Most of us know that being overweight can increase certain health risks for people of all ages. According to the Surgeon General, for people of all ages, extra pounds could mean increased risk for heart disease (the biggest killer of both men and women), certain types of cancer, Type 2 diabetes, stroke and more. But someone trying to lose weight at age 50 has different needs than a 30 year old trying to do the same. Fortunately, there are age-specific steps everyone can take to help them stay healthy and reach their weight-loss goals.
"The good news is that you can turn your life and health around, and this can occur at any age," says Bill McArdle, exercise physiologist for Weight Watchers International.
Luckily, a modest weight loss through good dietary and exercise habits can positively impact your risk for these conditions, according to Jessica Smerling, RD, corporate program development specialist for Weight Watchers. "In addition, losing weight can help improve symptoms for those who may already have these conditions."
So whether you're barely 30 or well past 40, you can build a long, healthy life starting today.
At Any Age...
Risk of chronic diseases can be decreased with similar steps. In addition to maintaining a healthy weight, no matter how old you are, you should:
1. Eat a variety of foods, with an emphasis on fruits and vegetables.
2. Choose whole grains over processed grains and foods with added sugars.
3. Choose fish, lean meats and poultry. Limit processed meats, especially from high-fat sources.
4. Aim to get in 30 or more minutes of moderate exercise most days if you're trying to maintain a healthy weight; more if you're trying to lose.
In Your Thirties…
As many people "settle down" in their thirties, they may start to notice one of the less desirable signs of adulthood: an expanding waistline. How can this be when your life seems busier than ever? According to McArdle, the widening responsibilities of job and family often mean you have less free time to focus on regular exercise and eating healthy foods.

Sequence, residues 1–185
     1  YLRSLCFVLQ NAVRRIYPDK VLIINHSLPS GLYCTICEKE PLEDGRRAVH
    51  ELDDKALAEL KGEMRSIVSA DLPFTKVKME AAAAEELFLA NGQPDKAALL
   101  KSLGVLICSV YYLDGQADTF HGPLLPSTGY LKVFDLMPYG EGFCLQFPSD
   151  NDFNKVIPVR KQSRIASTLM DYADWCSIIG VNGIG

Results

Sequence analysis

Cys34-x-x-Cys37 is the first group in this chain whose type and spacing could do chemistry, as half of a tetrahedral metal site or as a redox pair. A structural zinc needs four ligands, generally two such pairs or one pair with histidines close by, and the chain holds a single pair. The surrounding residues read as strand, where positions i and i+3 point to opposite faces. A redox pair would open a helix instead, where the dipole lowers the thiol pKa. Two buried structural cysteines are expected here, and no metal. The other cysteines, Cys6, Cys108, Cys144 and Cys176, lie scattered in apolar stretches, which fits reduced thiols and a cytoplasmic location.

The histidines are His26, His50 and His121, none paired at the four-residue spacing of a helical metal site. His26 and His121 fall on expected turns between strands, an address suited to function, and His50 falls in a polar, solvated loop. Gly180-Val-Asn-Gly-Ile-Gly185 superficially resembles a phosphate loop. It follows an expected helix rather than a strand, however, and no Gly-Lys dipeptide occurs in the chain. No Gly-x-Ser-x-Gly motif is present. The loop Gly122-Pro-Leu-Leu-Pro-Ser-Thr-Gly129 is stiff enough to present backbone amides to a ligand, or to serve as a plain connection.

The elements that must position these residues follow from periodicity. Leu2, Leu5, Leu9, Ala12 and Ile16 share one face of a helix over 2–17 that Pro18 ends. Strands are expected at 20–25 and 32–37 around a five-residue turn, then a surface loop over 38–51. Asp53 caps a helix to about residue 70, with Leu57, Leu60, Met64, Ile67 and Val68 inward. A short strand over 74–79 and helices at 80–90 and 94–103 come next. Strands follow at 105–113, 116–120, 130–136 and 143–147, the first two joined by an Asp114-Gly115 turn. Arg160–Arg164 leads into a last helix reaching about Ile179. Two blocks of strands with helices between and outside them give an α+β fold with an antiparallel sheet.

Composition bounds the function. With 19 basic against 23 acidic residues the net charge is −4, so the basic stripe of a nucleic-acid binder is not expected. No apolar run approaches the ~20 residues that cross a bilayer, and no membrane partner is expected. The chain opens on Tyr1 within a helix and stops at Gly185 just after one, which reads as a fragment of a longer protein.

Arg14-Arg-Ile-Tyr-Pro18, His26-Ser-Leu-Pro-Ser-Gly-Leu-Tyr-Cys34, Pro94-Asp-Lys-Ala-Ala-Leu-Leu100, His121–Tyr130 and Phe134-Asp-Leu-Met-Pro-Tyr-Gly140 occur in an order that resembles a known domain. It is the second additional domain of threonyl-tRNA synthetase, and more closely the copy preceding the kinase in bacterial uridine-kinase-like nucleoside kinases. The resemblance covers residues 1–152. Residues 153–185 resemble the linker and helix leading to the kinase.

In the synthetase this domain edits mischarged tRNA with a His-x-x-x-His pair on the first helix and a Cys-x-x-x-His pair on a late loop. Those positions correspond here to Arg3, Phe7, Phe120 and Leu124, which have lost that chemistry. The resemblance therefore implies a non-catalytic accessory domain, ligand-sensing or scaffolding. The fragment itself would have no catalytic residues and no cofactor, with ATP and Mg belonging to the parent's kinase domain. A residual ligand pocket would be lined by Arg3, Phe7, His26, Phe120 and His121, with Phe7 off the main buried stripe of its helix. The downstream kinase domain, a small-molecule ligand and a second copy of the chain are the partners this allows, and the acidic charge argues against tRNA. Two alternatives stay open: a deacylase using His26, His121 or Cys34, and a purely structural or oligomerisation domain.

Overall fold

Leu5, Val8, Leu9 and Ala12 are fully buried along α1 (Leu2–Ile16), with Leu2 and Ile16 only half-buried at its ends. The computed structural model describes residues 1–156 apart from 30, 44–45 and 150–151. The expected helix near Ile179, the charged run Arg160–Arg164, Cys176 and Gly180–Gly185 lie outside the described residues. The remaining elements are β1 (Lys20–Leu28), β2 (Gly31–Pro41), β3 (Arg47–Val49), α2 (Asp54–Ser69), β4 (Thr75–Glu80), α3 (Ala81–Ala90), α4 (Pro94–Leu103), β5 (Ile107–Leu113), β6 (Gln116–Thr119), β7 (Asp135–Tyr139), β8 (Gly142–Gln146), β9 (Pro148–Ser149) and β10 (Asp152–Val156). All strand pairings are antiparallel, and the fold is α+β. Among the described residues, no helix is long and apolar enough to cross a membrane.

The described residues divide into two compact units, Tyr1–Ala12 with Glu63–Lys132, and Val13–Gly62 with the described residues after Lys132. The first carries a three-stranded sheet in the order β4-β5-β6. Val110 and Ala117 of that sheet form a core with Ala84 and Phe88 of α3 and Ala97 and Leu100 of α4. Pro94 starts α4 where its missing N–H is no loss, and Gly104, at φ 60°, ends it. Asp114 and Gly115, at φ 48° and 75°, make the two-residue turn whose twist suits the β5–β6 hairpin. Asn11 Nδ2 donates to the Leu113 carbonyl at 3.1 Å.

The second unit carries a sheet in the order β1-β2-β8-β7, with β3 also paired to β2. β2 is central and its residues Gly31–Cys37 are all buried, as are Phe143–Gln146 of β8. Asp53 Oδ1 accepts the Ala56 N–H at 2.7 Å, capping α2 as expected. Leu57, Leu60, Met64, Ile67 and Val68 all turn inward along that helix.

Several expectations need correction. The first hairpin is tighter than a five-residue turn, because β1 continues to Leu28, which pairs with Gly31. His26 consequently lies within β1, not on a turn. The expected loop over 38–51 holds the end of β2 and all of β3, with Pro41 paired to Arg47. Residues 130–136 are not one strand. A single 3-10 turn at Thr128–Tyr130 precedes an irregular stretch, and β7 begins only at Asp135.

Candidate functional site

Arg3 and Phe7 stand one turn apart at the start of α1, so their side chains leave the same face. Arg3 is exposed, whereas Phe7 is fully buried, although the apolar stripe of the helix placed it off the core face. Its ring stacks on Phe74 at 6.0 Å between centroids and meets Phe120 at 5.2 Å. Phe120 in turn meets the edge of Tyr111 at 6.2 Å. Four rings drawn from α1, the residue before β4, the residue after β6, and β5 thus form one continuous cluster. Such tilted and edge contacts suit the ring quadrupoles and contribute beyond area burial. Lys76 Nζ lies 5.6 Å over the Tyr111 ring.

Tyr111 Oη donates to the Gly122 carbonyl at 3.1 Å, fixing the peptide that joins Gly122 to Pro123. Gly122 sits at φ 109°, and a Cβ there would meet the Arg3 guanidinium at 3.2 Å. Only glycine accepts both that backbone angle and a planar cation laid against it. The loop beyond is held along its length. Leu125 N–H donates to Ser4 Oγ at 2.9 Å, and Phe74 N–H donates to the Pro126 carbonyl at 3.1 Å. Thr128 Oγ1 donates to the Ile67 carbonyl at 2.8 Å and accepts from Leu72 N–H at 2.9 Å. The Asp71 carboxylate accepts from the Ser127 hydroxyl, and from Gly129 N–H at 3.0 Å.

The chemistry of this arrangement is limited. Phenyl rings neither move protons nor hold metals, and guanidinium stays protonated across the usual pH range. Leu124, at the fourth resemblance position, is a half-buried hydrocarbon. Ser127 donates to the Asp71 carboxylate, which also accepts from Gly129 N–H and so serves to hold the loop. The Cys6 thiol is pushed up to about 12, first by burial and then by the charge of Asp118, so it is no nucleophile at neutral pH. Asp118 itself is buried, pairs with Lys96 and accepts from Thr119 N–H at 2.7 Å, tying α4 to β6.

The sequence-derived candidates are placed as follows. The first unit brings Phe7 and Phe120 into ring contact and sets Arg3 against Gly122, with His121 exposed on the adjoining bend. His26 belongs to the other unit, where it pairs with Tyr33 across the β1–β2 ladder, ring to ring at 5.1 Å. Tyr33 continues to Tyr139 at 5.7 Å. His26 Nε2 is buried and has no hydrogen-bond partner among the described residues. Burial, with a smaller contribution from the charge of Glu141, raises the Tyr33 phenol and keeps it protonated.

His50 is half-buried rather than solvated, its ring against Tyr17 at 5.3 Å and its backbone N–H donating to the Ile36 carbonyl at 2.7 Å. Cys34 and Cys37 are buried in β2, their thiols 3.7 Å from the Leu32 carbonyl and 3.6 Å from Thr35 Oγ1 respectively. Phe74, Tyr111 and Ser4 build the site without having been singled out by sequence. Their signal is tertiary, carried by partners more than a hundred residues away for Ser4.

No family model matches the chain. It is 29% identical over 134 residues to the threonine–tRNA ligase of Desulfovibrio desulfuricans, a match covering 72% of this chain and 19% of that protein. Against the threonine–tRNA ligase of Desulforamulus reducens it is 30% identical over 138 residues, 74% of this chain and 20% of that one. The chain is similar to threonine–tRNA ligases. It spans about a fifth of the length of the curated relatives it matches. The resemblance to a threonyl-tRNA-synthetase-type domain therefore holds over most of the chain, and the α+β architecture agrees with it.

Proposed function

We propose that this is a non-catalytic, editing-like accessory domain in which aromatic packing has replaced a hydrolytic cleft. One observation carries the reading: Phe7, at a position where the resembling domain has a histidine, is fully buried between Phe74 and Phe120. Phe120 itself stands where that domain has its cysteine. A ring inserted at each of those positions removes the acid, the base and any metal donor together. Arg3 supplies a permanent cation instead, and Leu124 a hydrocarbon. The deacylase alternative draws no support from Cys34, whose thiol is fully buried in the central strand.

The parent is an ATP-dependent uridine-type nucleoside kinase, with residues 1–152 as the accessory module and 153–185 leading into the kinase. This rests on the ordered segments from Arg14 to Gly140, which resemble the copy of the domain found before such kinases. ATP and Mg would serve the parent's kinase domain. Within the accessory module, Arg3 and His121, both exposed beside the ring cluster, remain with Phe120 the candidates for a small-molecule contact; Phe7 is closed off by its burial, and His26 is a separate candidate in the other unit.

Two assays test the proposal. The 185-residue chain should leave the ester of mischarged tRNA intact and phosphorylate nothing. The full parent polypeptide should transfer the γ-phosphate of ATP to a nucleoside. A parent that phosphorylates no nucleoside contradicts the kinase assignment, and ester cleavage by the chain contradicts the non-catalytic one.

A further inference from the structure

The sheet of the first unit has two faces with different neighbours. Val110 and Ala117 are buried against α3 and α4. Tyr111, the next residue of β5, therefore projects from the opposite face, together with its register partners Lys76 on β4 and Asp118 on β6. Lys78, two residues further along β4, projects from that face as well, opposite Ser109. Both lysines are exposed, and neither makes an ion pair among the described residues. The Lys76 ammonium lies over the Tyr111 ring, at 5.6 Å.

Carrying extra weight at this age can affect not only personal health, but it can also affect the ability of both women and men to conceive a child. And, women who are overweight during pregnancy have an increased risk of miscarriage, hypertension, gestational diabetes, cesarean section and more difficulties with delivery. In these cases, the baby also has an increased risk of having higher birth weight and neural tube defects and being admitted to the intensive care unit.
If you find your weight creeping up, look for small ways to move more (take the stairs, park a few blocks from work) or get back in touch with a sport you enjoyed as a teen. If you are trying to conceive, be sure your diet includes enough folate—a deficiency increases your risk of having a premature baby or a baby with low birth weight or neural tube defects. You can get it from a multivitamin, fortified cereals, enriched rice and vegetables such as spinach, broccoli and asparagus. And all women in this age group should also be sure to get enough calcium (1,000 mg per day), from supplements or nonfat dairy. Bone density peaks in the thirties, so now is the time to build strong bones.
Career, marriage and kids mean a substantial change in lifestyle in your thirties. Now is the time to make a commitment to exercise before bad habits set in. If you find it hard to fit in fitness, McArdle suggests replacing coffee breaks or your evening beer with exercise breaks. "Be systematic," he says. "Set aside certain times during the day to exercise." You can even jump rope during commercials. "Or, if you're a big burger fan, try eliminating the fries and perhaps saying no to cheese," says Smerling.
In Your Forties...
Just when you think you've got yourself all figured out, something perplexing happens in your forties: Your metabolism starts to slow down. After age 45, the average person loses about 10 percent of their muscle mass each decade. As you lose muscle, you burn fewer calories, but if you're still eating the same amount of food, you'll see gains on the scale. Understanding this concept may help you keep the pounds—and the disease risks that come with them—at bay.